Stradivarius Violins Often Copied, Never Duplicated-519697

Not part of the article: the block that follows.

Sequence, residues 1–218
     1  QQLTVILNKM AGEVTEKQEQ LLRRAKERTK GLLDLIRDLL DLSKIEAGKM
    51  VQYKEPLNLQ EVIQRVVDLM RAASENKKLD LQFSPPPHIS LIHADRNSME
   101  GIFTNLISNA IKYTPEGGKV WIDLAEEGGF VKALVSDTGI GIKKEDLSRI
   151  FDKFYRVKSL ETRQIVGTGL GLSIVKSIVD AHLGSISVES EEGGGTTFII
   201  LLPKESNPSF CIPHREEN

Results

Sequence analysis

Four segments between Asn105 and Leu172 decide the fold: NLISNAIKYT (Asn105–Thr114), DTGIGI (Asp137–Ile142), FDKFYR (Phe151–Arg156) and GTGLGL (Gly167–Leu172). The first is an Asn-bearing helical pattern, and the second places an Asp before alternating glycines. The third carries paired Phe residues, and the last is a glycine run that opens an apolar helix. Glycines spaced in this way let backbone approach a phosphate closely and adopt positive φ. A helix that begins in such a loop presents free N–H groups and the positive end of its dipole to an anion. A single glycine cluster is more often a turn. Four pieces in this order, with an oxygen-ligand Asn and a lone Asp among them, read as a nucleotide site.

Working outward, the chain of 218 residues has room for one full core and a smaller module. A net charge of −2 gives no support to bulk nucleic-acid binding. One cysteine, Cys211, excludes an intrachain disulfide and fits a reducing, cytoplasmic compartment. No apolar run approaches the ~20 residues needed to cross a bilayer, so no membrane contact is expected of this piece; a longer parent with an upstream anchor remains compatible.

Music All of the violin world – even young children – are familiar with Antonio Stradivari and the violins that bear his "Stradivarius" mark. The reputation of the Stradivarius violin .es from its visual and musical beauty. They are exquisite instruments capable of equally amazing music, and the remarkable prices that collectors will pay for them is a testament to the high regard that the world pays these fine works of art. The Italian violin was the premier instrument for many centuries for all who play strings, and Italy produced some of the most skilled violin makers in history. All violinists know about Amati and Guarneri, but Stradivari is without doubt the most notable and respected and his instruments still the most coveted. He was in fact a student of Amati himself, but exceeded even that great a master. In some string groups, other of Stradivari’s creations – violas, cellos, harps, and/or guitars – ac.pany his priceless violins, since those were not the only instruments he crafted. There are more than two thirds of his instruments still existing, which fortunate musicians are still playing regularly. Given that his death occurred all the way back in 1737, the enduring quality of his craftsmanship is certainly unquestionable. There are two defining differences between the Stradivarious violins and other luthier-made musical instruments. Luthiers craft string instruments, the term being derived from the root word for "lute." One of these differences was the physical make, with the sloping curves being innovative. Secondly, the narrow and thick parts of the body were altered to enhance the sound, producing top quality. This also gave sound consistency among separate instruments. Both changes were subtle physical manipulations that had significant sound changes as a result. It is a widely held belief that Stradivari’s well-guarded varnish formula was not just a protective coating of the instrument, but actually the most important secret to his violins. He was successful in keeping the formula a secret, and as such, others have tried to recreate it for generations. One reason that the Stradivarius still has not been replicated is that almost all types of useful analysis would involve damage to a priceless instrument. No collector would allow such destruction of their valued "Strad". Many famous violinists would not turn down the chance to place a Stradivarius violin even though they may favor an instrument maker. Owning a Stradivarius is unlikely now than before with recent prices over $3.5 million at auctions. Since there are many fake ones out there, the Stradivarius violins are authenticated. All real "Strads" have a label that states in Latin, "Antonius Stradivarius Cremonensis Faciebat Anno" ("made in Cremona by Antonio Stradivari") with a date at the end of the inscription. Unfortunately, so do almost all fake ones! Most beginners have an inexpensive instrument with that exciting inscription and then a tiny "copy of" or "replica" somewhere on the label as a reality check. About the Author: 相关的主题文章: